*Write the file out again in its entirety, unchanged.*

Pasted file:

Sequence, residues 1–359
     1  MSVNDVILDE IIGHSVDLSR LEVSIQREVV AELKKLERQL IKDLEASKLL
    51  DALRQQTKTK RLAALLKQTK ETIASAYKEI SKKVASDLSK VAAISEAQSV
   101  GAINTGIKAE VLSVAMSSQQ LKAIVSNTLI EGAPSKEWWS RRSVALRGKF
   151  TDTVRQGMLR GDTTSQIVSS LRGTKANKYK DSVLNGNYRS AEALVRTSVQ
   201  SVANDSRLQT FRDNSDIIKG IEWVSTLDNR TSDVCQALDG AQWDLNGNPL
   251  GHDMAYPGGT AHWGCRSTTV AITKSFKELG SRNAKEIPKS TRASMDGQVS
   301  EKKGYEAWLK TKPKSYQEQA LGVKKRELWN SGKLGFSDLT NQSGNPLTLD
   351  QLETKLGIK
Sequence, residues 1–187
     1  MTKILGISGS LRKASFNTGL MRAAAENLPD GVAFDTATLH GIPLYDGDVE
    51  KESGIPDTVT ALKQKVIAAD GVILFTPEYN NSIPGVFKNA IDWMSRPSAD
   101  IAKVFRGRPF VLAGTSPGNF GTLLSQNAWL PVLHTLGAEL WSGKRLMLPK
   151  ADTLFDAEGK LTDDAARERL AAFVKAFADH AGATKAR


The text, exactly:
Sequence, residues 1–359
     1  MSVNDVILDE IIGHSVDLSR LEVSIQREVV AELKKLERQL IKDLEASKLL
    51  DALRQQTKTK RLAALLKQTK ETIASAYKEI SKKVASDLSK VAAISEAQSV
   101  GAINTGIKAE VLSVAMSSQQ LKAIVSNTLI EGAPSKEWWS RRSVALRGKF
   151  TDTVRQGMLR GDTTSQIVSS LRGTKANKYK DSVLNGNYRS AEALVRTSVQ
   201  SVANDSRLQT FRDNSDIIKG IEWVSTLDNR TSDVCQALDG AQWDLNGNPL
   251  GHDMAYPGGT AHWGCRSTTV AITKSFKELG SRNAKEIPKS TRASMDGQVS
   301  EKKGYEAWLK TKPKSYQEQA LGVKKRELWN SGKLGFSDLT NQSGNPLTLD
   351  QLETKLGIK
Sequence, residues 1–187
     1  MTKILGISGS LRKASFNTGL MRAAAENLPD GVAFDTATLH GIPLYDGDVE
    51  KESGIPDTVT ALKQKVIAAD GVILFTPEYN NSIPGVFKNA IDWMSRPSAD
   101  IAKVFRGRPF VLAGTSPGNF GTLLSQNAWL PVLHTLGAEL WSGKRLMLPK
   151  ADTLFDAEGK LTDDAARERL AAFVKAFADH AGATKAR